However, Professor Alan Woodward, a cybersecurity expert at the University of Surrey, said if he was Mr Sheppard he “would be slightly worried”.
“The Americans will issue a legal aid warrant,” he said.
“In this case, they didn’t just break and enter, but then tried to use it for a criminal scam. They walked away with thousands of pounds. So you know that these were not insignificant amounts of money. I suspect that the British law enforcement will not have much sympathy with them.
According to neighbors, Mr. Sheppard – who attended a local public school – is “a nice boy” whose father, Mark, died about five years ago.
They added that her mother, Lorraine, had been raising her since her husband’s death.
A woman in her sixties, who lives on the same street, said: “I know Lorraine and she is lovely.
“I haven’t seen Mason in years, but he’s always been a very nice boy.
“It’s a real shock. No one here saw any police activity or anything.
David Anderson, the US District Attorney for the Northern District of California, said Mr. Sheppard “faces a legal maximum sentence of 45 years” if convicted.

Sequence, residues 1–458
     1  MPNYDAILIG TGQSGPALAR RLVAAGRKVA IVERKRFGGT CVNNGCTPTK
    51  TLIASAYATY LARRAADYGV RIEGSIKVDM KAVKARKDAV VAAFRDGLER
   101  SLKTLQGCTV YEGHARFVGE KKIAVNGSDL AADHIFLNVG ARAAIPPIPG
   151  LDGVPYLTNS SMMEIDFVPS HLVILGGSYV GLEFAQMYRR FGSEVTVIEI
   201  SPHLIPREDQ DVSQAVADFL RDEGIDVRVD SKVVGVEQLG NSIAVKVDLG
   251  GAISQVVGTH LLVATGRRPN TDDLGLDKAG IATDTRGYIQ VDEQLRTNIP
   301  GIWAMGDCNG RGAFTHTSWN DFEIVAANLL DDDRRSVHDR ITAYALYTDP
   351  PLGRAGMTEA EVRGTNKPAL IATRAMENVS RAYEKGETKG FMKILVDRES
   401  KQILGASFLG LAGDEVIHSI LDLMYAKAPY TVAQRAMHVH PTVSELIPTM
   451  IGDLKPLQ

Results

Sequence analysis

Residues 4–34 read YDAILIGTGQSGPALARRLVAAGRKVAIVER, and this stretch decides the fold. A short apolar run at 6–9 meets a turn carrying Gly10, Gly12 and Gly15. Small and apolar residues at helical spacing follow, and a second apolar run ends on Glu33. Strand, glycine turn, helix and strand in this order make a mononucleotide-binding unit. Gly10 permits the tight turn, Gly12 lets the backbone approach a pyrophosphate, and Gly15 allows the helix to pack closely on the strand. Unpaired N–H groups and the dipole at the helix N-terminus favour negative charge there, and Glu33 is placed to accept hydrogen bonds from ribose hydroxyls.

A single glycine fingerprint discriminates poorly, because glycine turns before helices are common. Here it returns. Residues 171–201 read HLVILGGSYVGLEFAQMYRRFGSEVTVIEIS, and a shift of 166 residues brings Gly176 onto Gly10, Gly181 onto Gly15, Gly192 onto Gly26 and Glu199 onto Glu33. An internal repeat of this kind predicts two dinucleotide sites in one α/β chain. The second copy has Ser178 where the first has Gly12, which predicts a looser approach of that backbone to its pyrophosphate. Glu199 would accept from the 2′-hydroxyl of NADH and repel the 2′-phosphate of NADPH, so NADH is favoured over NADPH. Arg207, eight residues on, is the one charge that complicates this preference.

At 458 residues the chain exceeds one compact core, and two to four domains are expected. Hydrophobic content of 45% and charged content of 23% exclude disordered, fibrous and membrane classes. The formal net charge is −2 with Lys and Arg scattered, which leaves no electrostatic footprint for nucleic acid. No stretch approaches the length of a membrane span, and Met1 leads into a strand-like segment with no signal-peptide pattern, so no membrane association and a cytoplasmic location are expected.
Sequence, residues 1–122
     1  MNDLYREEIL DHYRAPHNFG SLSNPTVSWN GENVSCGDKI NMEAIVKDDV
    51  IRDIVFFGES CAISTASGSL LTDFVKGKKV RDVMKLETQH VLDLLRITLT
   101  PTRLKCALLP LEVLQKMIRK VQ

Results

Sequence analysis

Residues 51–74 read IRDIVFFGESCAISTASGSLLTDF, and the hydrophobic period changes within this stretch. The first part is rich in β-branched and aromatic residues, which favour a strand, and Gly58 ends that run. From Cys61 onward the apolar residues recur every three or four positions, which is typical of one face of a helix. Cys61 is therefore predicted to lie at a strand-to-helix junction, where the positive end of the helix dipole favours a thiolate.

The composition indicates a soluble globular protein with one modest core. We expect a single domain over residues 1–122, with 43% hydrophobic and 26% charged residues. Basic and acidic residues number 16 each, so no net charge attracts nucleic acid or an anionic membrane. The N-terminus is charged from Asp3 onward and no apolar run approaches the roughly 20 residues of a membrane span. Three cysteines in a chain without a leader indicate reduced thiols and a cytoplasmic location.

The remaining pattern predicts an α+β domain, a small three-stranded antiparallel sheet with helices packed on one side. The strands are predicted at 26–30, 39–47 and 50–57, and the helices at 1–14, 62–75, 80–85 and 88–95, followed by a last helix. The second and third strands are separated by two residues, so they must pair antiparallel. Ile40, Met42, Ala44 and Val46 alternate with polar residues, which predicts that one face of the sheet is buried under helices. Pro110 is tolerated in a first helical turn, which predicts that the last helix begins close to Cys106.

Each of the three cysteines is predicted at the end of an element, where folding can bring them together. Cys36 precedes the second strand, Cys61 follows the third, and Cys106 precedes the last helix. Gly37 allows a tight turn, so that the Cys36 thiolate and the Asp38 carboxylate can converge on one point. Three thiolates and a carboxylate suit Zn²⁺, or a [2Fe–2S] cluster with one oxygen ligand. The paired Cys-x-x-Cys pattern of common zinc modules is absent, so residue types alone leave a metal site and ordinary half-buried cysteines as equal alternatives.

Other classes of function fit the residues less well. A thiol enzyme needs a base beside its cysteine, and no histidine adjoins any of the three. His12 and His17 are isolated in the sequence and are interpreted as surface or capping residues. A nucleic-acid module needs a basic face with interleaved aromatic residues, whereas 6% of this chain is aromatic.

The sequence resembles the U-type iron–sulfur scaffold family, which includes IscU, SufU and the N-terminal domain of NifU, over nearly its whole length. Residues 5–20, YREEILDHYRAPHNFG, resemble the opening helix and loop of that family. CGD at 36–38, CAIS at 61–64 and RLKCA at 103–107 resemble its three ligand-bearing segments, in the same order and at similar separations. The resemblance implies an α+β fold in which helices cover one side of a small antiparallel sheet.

All three charges were filed against him in the Northern District of California, where Twitter is located.
Tweets were posted simultaneously promoting a Bitcoin scam, promising subscribers that they would receive double the amount of money refunded if they transferred funds to a digital wallet.
According to court documents filed on July 23 and made public on Friday, around 415 transfers were made to the Bitcoin address for a total of over US $ 117,000, or around £ 90,000.
Nima Fazeli, 22, of Orlando, Florida, has been charged with aiding and abetting intentional access to a secure computer.
The Justice Department said charges had also been filed against a minor.
Graham Ivan Clark, 17, was arrested in Tampa, Florida on Friday, according to the Hillsborough state attorney’s office.
He added that Mr. Clark would be prosecuted as an adult and that he would be the “mastermind” behind the hack.
Mr Anderson said: “There is a false belief within the criminal hacker community that attacks like the Twitter hack can be carried out anonymously and without consequence.
“Today’s charge announcement demonstrates that the excitement of malicious hacking in a secure environment for fun or profit will be short-lived.
“Criminal conduct on the Internet may seem stealthy to those who commit it, but it is not stealthy.
“In particular, I mean to potential offenders, break the law, and we’ll find you. ”
A spokesperson for the Home Office said: “As a long-standing policy and practice, we neither confirm nor deny the existence of extradition requests.”